U.S. Beef Faces Challenges in Korea Before Reaching Full Potential

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2015-07-20
Authors
Clemens, Roxanne
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Center for Agricultural and Rural Development

The Center for Agricultural and Rural Development (CARD) conducts innovative public policy and economic research on agricultural, environmental, and food issues. CARD uniquely combines academic excellence with engagement and anticipatory thinking to inform and benefit society.

CARD researchers develop and apply economic theory, quantitative methods, and interdisciplinary approaches to create relevant knowledge. Communication efforts target state and federal policymakers; the research community; agricultural, food, and environmental groups; individual decision-makers; and international audiences.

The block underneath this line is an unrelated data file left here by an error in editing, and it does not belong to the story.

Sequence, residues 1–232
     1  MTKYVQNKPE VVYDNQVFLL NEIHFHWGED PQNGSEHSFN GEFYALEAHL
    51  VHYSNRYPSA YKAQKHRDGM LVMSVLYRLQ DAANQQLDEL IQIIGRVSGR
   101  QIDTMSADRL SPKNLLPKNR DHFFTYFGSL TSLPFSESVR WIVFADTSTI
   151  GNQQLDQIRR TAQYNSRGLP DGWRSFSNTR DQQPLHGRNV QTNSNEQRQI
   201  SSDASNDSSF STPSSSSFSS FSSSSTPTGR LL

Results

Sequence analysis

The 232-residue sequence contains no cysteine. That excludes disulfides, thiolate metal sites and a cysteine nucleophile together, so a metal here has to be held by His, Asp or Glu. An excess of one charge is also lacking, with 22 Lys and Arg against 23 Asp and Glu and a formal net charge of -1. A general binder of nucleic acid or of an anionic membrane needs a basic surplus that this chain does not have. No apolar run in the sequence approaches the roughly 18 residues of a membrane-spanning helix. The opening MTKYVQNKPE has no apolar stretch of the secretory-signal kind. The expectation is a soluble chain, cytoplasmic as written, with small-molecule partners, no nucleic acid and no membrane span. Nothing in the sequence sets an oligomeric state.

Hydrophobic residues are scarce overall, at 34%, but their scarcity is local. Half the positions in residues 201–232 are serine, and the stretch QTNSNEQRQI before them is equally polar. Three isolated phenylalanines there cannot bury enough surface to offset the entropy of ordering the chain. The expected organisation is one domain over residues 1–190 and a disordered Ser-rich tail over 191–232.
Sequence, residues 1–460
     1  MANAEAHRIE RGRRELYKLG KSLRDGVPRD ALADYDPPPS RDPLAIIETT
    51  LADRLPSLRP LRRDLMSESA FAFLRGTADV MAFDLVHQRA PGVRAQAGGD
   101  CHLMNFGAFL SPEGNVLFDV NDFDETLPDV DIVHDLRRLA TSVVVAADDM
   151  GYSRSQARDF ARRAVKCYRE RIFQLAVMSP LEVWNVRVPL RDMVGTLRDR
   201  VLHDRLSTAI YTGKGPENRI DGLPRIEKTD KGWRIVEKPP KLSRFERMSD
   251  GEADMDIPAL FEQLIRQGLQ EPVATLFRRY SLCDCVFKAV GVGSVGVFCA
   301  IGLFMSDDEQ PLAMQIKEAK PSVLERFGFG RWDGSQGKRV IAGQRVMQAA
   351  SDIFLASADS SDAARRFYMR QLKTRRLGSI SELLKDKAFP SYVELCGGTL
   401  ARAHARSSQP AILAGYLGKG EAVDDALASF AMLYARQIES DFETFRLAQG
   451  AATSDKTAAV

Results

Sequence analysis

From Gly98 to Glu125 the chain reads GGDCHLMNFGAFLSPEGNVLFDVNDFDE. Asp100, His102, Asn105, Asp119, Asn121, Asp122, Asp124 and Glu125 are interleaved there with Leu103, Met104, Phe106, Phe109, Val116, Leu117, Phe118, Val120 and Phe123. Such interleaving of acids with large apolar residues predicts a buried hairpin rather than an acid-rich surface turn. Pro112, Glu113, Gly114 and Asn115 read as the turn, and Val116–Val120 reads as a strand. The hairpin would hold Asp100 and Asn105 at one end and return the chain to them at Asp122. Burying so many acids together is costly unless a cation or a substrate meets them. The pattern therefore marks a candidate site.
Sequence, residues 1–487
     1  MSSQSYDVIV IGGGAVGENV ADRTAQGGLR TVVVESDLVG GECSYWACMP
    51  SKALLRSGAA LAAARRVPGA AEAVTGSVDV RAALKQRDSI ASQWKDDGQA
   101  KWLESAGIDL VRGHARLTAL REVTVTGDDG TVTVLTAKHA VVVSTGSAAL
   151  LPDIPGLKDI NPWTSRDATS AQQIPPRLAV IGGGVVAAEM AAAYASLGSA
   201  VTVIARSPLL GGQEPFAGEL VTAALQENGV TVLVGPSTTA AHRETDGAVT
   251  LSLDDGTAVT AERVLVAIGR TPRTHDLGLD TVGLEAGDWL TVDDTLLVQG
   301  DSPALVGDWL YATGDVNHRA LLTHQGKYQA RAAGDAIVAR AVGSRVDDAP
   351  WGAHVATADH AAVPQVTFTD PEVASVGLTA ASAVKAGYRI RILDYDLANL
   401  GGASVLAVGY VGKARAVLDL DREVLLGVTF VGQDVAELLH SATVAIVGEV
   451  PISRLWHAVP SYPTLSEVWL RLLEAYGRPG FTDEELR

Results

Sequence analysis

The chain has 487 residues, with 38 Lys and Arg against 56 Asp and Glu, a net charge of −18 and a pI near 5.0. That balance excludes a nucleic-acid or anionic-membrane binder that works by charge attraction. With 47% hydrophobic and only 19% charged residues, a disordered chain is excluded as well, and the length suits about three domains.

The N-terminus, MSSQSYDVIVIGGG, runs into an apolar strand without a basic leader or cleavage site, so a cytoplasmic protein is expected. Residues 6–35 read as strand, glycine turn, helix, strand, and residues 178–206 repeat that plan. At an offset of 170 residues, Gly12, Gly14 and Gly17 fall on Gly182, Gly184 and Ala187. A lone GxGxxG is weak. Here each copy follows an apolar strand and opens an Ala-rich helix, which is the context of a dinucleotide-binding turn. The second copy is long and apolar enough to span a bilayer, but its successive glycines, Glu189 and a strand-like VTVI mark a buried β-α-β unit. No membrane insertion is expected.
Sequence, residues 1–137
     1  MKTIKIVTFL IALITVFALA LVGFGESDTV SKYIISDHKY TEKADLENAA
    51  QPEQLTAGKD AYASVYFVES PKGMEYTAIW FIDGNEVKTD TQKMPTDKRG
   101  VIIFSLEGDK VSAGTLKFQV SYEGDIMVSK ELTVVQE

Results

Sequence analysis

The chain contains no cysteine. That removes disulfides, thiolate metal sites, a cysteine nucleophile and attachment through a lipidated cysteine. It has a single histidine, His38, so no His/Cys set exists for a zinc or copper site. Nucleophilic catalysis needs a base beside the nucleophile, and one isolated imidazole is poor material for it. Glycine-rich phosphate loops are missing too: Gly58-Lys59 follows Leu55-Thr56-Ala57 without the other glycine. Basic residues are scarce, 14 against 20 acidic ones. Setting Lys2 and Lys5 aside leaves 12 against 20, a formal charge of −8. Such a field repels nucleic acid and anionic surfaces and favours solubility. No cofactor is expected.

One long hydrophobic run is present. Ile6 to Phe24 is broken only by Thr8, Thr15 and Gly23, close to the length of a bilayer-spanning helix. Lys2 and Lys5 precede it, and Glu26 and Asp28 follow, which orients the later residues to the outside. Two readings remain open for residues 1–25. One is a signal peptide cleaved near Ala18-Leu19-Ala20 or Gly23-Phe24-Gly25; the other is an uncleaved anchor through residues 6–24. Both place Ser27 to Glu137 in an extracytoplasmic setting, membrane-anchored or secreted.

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Negotiations to reach an agreement on import health requirements to reopen the Korean market to U.S. beef took place over the past few years amid enormous political and public resistance in Korea. The expected benefi ts, however, will make the negotiations well worth the effort for both sides. In 2003, Korean imports of U.S. beef reached $749.3 million before imports were banned when a case of bovine spongiform encephalopathy (BSE) was diagnosed in the United States. U.S. beef began fl owing back into Korea in July 2008, and the value of these exports reached $270 million by the end of November. Despite this success, rebuilding exports to reach the full potential of this market will take time. The following is a brief overview of several market conditions that are dampening sales in the early months of renewed trade and longer-term expectations for conditions that would greatly increase demand and market access.

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